Use C++ delegating constructors to avoid code duplication

The C++11 delegating constructors reduce the code duplication and make effective use of the member initializer lists.

Tutorial | Aug 29, 2019 | hkumar 

Overview

It is reasonably common for C++ classes to have more than one constructor with different parameters. Let's take an example class Car. The class Car has some required fields: vin_, model_, and make_. Some of the Car's fields are optional and have their default values: year_, mileage_, and transmission_. There are three constructors in Car. One constructor takes only required fields, and the other two constructors take required and optional fields.

using std::string;

class Car {
public:
 // Constructor-1
 // Constructor with basic required fields.
 Car(const string& vin, const string& model,
    const string& make) 
    :vin_(vin),model_(model),make_(make) {
    allocateDynamicData();
 }

 // Constructor-2 
 // Constructor with required fields, mileage, and year
 Car(const string& vin, const string& model,
    const string& make,
    int year, int mileage) 
    :vin_(vin),model_(model),make_(make), 
       year_(year), mileage_(mileage) {
    allocateDynamicData();
 }

 // Constructor-3
 // Constructor with all fields
 Car(const string& vin,const string& model,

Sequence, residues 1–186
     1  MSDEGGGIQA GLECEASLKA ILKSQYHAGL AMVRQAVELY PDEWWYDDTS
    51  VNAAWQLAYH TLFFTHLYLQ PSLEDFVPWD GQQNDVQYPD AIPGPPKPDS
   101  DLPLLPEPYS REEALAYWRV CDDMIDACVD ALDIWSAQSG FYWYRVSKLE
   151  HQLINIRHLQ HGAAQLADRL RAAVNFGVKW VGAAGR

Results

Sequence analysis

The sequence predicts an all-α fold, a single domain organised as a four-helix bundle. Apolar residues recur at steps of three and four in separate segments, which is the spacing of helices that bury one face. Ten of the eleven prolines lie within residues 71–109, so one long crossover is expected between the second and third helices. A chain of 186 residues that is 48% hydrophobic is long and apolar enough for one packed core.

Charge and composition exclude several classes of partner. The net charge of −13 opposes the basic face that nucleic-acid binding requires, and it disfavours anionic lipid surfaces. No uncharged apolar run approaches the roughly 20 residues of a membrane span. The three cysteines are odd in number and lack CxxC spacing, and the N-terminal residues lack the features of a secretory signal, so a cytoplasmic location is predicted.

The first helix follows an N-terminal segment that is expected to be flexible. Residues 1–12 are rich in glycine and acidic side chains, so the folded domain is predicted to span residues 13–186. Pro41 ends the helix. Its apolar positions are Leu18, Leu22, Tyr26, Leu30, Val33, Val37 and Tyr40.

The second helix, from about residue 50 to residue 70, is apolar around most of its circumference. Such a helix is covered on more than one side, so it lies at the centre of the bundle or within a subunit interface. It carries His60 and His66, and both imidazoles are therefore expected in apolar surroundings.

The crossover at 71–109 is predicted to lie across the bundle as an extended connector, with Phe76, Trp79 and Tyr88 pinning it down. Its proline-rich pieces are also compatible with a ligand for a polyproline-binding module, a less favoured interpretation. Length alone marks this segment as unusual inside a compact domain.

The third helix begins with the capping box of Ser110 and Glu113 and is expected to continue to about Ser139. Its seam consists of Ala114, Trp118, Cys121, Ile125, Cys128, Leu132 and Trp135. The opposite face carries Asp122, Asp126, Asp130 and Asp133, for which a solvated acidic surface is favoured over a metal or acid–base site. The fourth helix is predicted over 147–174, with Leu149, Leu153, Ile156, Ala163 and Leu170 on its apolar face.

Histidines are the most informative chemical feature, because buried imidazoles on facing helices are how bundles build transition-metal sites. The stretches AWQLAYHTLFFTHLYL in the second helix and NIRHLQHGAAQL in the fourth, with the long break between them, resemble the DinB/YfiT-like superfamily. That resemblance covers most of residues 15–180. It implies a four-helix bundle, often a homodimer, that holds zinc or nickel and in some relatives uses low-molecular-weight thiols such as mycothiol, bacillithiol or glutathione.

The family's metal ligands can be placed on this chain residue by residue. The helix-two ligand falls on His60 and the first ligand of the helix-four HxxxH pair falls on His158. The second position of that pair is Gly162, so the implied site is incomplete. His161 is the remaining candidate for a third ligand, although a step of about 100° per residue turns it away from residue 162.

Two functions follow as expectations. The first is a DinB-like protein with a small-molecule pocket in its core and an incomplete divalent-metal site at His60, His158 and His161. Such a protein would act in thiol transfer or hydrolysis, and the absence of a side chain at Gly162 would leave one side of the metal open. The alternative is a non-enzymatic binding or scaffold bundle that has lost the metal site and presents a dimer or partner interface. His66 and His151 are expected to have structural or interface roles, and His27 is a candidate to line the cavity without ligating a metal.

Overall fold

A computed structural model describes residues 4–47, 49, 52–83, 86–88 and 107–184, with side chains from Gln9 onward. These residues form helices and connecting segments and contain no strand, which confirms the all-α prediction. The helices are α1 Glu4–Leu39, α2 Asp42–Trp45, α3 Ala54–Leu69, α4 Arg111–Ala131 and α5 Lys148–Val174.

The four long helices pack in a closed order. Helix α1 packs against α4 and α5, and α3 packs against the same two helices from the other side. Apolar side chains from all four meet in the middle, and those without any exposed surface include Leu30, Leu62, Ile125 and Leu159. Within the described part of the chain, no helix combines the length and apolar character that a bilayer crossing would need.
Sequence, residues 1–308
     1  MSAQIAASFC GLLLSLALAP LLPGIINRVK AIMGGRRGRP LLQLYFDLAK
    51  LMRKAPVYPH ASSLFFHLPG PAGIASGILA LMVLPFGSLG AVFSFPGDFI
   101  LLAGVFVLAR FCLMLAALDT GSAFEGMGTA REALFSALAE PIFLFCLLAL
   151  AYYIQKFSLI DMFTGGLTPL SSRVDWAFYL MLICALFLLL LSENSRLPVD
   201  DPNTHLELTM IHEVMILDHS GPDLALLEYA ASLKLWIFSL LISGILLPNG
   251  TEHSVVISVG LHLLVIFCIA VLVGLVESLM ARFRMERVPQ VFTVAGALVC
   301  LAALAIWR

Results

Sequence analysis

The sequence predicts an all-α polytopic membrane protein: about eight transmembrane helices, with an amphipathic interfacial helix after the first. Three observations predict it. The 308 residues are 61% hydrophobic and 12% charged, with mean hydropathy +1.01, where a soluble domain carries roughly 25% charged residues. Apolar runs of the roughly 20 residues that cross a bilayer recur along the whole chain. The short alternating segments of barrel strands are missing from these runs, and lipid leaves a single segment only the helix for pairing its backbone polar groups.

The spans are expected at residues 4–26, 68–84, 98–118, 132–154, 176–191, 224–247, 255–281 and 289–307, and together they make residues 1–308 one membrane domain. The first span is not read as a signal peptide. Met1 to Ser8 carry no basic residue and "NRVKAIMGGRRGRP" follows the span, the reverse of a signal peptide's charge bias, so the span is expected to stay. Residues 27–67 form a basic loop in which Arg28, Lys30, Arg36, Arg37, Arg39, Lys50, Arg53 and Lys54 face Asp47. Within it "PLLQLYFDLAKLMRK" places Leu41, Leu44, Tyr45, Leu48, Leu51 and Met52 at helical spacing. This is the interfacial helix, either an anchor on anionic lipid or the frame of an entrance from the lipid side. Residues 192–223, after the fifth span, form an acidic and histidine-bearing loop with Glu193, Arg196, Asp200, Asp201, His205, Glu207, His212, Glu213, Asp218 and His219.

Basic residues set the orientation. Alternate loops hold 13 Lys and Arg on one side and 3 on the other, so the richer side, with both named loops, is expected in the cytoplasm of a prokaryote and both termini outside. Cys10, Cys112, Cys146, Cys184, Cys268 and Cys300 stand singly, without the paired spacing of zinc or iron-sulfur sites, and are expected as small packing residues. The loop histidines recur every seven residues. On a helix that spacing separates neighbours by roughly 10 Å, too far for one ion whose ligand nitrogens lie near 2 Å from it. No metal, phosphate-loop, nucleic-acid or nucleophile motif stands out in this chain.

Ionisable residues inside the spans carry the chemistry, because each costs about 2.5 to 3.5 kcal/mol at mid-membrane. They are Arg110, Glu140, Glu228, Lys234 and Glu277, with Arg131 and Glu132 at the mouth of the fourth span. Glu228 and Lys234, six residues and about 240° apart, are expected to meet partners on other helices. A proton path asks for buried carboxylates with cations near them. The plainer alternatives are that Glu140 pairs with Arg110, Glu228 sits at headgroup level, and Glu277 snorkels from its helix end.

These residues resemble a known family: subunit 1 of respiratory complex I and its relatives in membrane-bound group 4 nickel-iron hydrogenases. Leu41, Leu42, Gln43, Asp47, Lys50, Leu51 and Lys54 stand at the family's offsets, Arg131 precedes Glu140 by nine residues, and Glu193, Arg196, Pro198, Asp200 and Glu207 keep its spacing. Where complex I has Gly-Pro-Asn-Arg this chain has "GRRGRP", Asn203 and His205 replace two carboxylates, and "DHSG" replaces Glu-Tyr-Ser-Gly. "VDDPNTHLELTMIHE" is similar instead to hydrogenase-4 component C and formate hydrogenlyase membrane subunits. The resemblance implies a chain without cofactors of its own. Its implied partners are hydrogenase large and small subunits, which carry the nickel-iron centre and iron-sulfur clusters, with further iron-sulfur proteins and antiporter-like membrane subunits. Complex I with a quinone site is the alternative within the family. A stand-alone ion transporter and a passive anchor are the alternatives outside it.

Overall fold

const string& make,
    int year, int mileage,
    const string& transmission)
    :vin_(vin),model_(model),make_(make), 
       year_(year), mileage_(mileage), 
       transmission_(transmission) {
    allocateDynamicData();
 }

 ~Car() {
    /// de-allocates dynamic data
 }

private:

 void allocateDynamicData() {
     //.. allocate some dynamic data
 }

 string vin_, model_, make_;
 int year_{0}, mileage_{0};
 string transmission_{"Automatic"};
};

All the constructors use member initializer list and call a method to allocate some dynamic data. Overall, this code works fine and is efficient, but there is much duplication of code. The conventional approach to reduce this kind of code duplication is to move the common code to a member function, which can be called from all the constructors. Usually, that member function is called init.

The ubiquitous init() method

The modified class Car with init method looks like this:

using std::string;

class Car {
public:
 // Constructor-1
 // Constructor with basic required fields.
 Car(const string& vin, const string& model,
    const string& make) {
    init(vin, model, make, 0, 0, "Automatic");
 }

 // Constructor-2
 // Constructor with required fields, mileage, and year.
 Car(const string& vin,const string& model,
    const std::string& make,
    int year, int mileage) {
    init(vin, model, make, year, mileage, "Automatic");
 }

  // Constructor-3
 // Constructor with all fields
 Car(const string& vin,const string& model,
    const std::string& make,
    int year, int mileage,
    const std::string& transmission) {
    init(vin, model, make, year, mileage, transmission);
 }

 ~Car() {
    /// de-allocates dynamic data
 }

private:

 void init(const string& vin,const string& model,
          const string& make,int year,int mileage,
          const string& transmission) {

    vin_ = vin;
    model_ = model;
    make_ = make;
    year_ = year;
    mileage_ = mileage;
    transmission_ = transmission;

    allocateDynamicData();
 }

 void allocateDynamicData() {
    //.. allocate some dynamic data
 }

 string vin_, model_, make_;
 int year_, mileage_;
 string transmission_;
};